This quote has always been very near and dear to my heart. And today I need it because OUCH, I’m still reeling from the feedback from my prof and my programme director about the short story I submitted. Let’s just say there were tears.
Almost all the work I’ve sent out into the world for publication has been non-fiction, either academic or political writing. And when it comes to that, I’m fearless, critical feedback doesn’t bother me. But fiction? Yikes. I’ve always been nervous to share that with anyone because it is so deeply personal. It’s like sending out a little piece of my soul into the world and leaving it to fend for itself.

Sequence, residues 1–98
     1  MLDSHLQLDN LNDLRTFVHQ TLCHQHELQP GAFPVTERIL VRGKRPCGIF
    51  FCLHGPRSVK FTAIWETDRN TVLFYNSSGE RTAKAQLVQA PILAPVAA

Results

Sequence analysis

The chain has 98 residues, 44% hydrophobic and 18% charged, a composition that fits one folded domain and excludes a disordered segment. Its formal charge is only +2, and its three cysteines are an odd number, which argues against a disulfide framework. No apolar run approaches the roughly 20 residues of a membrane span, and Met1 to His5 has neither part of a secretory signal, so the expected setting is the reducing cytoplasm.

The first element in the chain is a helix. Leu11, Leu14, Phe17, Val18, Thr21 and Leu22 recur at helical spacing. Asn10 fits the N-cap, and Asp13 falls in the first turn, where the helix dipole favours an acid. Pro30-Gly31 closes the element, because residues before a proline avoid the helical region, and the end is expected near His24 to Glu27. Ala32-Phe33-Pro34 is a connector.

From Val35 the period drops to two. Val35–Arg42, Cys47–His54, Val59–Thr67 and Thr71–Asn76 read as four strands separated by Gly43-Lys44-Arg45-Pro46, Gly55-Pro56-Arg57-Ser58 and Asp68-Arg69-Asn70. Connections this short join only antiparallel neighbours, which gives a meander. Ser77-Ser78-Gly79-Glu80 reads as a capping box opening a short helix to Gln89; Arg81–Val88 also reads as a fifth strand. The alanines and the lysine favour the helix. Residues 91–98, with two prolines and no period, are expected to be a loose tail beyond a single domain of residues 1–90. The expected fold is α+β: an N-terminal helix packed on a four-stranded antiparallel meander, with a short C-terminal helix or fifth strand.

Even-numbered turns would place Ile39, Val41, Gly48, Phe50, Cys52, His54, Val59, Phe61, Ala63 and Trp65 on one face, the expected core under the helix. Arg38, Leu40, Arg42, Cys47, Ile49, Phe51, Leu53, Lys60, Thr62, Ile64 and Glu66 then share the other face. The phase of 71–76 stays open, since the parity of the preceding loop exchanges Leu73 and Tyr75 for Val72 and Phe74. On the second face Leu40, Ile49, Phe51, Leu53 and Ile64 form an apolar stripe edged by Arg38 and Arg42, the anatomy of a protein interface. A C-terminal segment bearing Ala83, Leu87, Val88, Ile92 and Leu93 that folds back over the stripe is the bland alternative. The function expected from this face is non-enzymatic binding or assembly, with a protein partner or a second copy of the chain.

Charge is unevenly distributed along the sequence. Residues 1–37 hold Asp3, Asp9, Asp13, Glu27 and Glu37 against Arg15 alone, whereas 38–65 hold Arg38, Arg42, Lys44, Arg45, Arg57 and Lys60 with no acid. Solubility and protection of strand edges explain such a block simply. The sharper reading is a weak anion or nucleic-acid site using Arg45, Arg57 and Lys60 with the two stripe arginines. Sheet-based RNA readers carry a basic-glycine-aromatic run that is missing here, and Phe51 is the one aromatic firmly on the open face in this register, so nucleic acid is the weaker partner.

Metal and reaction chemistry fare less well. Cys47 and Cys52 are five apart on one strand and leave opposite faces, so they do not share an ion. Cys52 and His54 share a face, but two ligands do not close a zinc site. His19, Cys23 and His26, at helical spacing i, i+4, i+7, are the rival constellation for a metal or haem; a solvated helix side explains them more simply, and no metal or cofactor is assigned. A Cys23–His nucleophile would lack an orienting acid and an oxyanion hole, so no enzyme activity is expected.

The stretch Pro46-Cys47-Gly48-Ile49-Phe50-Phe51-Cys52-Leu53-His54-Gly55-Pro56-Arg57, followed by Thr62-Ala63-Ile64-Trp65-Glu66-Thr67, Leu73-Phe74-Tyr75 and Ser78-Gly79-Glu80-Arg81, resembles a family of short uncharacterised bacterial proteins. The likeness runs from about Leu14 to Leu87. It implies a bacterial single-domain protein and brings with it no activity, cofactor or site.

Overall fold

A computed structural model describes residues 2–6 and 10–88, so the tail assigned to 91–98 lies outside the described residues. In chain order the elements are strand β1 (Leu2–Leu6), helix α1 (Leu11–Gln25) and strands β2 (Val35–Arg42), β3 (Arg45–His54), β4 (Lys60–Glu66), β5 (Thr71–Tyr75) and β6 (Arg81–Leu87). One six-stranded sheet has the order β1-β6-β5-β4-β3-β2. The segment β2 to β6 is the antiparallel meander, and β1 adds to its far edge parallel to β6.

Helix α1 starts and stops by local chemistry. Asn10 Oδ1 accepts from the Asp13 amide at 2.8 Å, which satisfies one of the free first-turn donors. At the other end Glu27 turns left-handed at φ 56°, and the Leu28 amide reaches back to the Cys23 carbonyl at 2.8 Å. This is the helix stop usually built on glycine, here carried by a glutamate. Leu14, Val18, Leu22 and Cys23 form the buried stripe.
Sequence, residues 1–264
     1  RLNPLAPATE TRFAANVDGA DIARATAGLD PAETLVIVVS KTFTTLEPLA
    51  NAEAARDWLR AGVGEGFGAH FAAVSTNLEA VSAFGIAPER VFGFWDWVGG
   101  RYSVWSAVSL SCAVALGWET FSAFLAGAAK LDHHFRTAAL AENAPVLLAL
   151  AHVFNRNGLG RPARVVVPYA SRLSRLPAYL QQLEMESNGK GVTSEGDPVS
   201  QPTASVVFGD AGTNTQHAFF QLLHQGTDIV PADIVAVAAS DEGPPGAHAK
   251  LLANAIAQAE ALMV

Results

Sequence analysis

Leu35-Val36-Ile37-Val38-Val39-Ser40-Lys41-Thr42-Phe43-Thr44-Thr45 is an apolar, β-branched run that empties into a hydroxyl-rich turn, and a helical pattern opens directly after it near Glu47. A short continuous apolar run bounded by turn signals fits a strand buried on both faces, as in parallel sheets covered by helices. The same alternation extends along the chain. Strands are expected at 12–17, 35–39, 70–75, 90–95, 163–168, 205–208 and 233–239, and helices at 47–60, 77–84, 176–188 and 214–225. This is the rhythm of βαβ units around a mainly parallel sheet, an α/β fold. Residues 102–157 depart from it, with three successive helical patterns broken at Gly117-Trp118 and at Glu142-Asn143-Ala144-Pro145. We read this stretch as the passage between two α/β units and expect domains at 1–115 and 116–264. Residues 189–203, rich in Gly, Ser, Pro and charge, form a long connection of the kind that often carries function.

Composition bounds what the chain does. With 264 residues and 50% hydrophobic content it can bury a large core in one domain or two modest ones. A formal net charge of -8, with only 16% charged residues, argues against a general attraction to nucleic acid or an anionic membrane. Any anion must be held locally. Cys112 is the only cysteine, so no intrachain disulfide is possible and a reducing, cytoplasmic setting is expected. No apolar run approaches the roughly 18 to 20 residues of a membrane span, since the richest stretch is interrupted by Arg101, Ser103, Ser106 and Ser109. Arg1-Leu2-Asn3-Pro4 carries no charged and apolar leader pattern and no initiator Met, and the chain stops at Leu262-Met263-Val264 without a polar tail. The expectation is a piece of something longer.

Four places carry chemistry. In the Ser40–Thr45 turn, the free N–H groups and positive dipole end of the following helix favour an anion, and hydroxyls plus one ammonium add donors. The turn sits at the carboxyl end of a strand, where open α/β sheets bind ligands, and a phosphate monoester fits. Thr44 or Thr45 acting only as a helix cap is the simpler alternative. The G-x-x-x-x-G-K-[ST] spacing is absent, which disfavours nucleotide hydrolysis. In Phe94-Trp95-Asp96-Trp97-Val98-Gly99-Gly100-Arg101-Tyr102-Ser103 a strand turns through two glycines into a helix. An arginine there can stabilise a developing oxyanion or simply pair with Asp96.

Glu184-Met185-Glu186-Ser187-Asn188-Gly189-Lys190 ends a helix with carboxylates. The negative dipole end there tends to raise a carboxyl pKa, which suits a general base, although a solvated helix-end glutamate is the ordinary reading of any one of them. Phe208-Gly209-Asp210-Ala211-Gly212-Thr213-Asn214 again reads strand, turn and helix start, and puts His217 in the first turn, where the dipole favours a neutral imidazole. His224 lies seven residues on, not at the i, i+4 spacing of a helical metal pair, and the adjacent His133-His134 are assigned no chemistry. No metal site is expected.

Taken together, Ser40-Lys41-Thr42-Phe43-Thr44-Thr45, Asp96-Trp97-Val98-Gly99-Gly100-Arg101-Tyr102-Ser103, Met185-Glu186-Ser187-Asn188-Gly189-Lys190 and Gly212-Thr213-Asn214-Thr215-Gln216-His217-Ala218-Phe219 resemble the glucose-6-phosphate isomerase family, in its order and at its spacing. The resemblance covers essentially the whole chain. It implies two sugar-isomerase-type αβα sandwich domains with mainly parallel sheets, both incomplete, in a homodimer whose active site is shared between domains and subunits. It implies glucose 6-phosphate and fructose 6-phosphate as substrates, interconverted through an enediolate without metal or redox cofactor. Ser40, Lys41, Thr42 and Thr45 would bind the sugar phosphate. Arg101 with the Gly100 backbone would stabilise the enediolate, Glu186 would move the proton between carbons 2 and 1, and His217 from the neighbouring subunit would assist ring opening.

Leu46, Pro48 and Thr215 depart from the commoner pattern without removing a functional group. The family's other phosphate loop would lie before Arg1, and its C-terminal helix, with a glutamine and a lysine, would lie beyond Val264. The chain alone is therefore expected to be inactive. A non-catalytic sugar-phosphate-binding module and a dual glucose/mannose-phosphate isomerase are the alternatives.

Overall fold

But it’s also the only way to grow as an artist, which is the exact reason why I decided to get another master’s degree, this time in creative writing. I wanted to immerse myself in the world that I love and learn how to be better.
But still. Damn. The critique was intense. I don’t just have room to improve, I have acres to improve. Miles. Light years.
So, after wiping away the tears and eating a few chocolate-covered Oreos, I reminded myself that this is a tough program in a top school, so yeah, it’s gonna be rough. And as I regained my equilibrium, I started to feel grateful. Because when it gets right down to it, I know that those words that were painful to hear are the ones I need so I can be better at my art.
And this moment? When I keep working through the stinging disappointment and cringing self-consciousness? This is what I’m hoping will someday make me good. It’s what I’m counting on to close that gap Ira Glass talks about.
Once I wiped away my tears and had one last chocolate-covered Oreo, the first thing I did was open my computer and get back to work.